Despite the fact that trust law can be very complex, it can also open the door to some wise estate planning options. On a basic level, trusts can be used to distribute assets to beneficiaries in accord with a grantor’s wishes. A trustee is assigned to oversee the administration of the assets included in the trust. Interestingly enough, trusts can be administered while grantors are alive or after they pass away.
Trustees are handed the responsibility of managing a trust in a fair and consistent way. Knowing this, do grantors have any claim to their assets if a trust is administered during their lifetime?
Not surprisingly, the answer to this question isn’t simple. In general, a grantor can revoke a living trust if it’s being mishandled and they are considered to be competent. One of the reasons a person may consider establishing a living trust is that their health could eventually prevent them from making sound decisions, so competency is obviously a relevant aspect of estate and trust law.
Once a person is considered to be incompetent, it may be easy to assume that the trust is solely under the control of the designated trustee. However, a conservator or person with powers of attorney may have the ability to revoke a trust if need be.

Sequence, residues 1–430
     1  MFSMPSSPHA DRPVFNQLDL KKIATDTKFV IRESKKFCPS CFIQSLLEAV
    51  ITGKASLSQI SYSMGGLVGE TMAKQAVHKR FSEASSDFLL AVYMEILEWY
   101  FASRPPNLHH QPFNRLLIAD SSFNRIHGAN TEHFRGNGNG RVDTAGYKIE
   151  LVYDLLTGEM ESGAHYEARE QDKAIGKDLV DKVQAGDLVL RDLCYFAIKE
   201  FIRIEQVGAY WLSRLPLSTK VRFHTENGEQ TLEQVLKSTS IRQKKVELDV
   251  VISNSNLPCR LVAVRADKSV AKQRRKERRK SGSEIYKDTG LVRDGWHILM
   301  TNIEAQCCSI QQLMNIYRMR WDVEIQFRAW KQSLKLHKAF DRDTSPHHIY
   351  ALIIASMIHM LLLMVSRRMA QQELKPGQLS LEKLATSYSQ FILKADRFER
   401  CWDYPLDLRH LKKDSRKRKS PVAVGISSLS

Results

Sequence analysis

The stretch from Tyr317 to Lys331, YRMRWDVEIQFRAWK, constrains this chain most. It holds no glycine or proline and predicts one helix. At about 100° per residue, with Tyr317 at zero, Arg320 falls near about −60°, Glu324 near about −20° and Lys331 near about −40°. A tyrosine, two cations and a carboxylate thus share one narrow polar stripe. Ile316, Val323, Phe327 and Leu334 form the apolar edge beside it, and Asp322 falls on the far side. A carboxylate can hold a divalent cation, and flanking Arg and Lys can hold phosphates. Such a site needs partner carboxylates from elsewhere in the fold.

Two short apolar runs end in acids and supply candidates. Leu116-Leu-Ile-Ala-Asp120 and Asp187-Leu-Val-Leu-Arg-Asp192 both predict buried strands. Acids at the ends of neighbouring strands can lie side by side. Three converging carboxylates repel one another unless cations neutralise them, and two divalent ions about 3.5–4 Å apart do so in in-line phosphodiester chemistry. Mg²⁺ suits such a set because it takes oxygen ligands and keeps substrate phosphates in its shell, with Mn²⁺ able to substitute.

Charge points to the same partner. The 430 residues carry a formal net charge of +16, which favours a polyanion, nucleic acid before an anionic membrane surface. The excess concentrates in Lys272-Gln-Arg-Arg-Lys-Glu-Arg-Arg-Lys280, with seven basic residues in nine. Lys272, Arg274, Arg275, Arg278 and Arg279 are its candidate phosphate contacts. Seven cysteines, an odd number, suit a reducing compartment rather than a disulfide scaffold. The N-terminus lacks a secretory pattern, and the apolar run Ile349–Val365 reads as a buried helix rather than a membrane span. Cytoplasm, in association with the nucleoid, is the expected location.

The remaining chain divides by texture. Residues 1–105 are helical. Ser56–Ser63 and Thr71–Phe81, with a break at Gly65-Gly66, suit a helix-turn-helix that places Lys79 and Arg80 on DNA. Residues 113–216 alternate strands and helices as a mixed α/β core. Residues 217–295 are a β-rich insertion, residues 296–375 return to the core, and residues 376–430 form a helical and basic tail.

If no agent is in place to revoke the trust and a trustee is mishandling a living trust, who has the ability to hold the trustee accountable? Do the named beneficiaries have the ability to file a claim if the grantor is alive but deemed incompetent?
These are the kind of complex questions that may come down to state laws regarding trust and estate administration. Although it may be difficult for beneficiaries to sort through these issues on their own, a trusted attorney can help to ensure that a trust is handles according to the grantor’s wishes.
More than anything, these questions point to the importance of selecting a trustee. Since this person is going to be responsible for managing assets, he or she should be considered honest and reliable.
Source: Lake County News, “Estate Planning: Incompetency of a settlor affects trustee duties to death beneficiaries,” Dennis Fordham, Sept. 28, 2013